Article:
Friday, December 10, 2010

Washington Post Fronts Facebook for 18th Time

The first sign of trouble came at 10:33pm last night. The Washington Post sent out the following to its "Breaking News Alert" ("Be the first to know when major news breaks") email list:

Now in fairness, they've started to use that email list of late to promote their exclusive investigations, their big enterprise stories, even when it's not a breaking development. But I'm not sure that makes it any better.

Sure enough, the story is on the front page today. It is the 18th Facebook-focused story the Post has fronted. The first was in September 2006. The most recent was 4.5 months ago -- July 23rd. The list:

Sept 2006, Oct 2006, Feb 2007, Nov 2007, March 2008, April 2008, May 2008, June 2008, July 2008, Sept 2008, March 2009, April 2009, Aug 2009, Aug 2009, Oct 2009, May 2010, July 2010, Dec 2010.

See what you think about today's piece. It tells the story of eight months of the life of Shana Greatman Swers, who was pregnant, had a baby, and then fell into worse and worse health from a complication. It's all told through her Facebook postings, and the repsonses. Kind of odd, though sure enough it is at times a gripping story. After the jump it takes up a huge one and almost a third page spread.

Writer Ian Shapira explains in a "Story Lab" piece online that he found the story because his wife worked at the same office as Swers and saw her messages.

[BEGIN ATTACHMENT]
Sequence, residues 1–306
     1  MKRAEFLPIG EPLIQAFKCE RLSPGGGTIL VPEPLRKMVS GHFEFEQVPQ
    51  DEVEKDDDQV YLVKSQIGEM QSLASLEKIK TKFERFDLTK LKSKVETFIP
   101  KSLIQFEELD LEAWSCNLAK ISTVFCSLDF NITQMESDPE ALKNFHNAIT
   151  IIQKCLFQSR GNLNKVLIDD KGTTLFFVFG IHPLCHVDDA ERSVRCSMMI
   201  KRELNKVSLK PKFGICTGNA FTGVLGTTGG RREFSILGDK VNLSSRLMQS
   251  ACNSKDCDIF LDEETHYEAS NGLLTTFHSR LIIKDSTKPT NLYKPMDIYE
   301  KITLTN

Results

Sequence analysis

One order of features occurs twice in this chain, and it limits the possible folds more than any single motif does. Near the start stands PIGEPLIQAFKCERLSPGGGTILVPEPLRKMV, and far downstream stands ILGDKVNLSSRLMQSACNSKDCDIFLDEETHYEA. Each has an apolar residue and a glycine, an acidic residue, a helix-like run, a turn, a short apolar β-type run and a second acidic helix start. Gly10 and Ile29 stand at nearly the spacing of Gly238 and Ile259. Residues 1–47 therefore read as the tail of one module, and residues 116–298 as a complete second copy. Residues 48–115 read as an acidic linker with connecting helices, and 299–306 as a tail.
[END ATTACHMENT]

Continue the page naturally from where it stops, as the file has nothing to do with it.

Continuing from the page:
I have mixed feelings about this one. It's a tragedy chronicled in someone's own words and there's something there. But in the end I feel the same way about it as I do about most of the Post's Facebook stories: it doesn't belong on the front page. And in this case, it doesn't deserve so many column inches, at least not in the front section. The Post is trying too hard to be hip and with it. Today's piece would be more valuable if this were indeed some new trend about people telling very personal things about their life to their friends through Facebook. But that story was "new" a few years ago.

The Post also has a conflict of interest problem with Facebook. I don't think that's what causes the front-pagers, but it needs to be disclosed more regularly. Facebook announced, in December 2008, that Washington Post CEO Donald Graham would be joining its board the following month. Eight of the Post's 18 front-page articles on Facebook have come since January 2009. Of those, only one disclosed the connection. Today's does not.

Post writers Rob Pegoraro and Cecilia Kang have generally been very good about disclosure; the rest have not been. Referring to the Post's own internal policies, Ombudsman Andy Alexander wrote in August that "stories about Facebook must mention that its board includes Post Co. chairman and chief executive Donald E. Graham."


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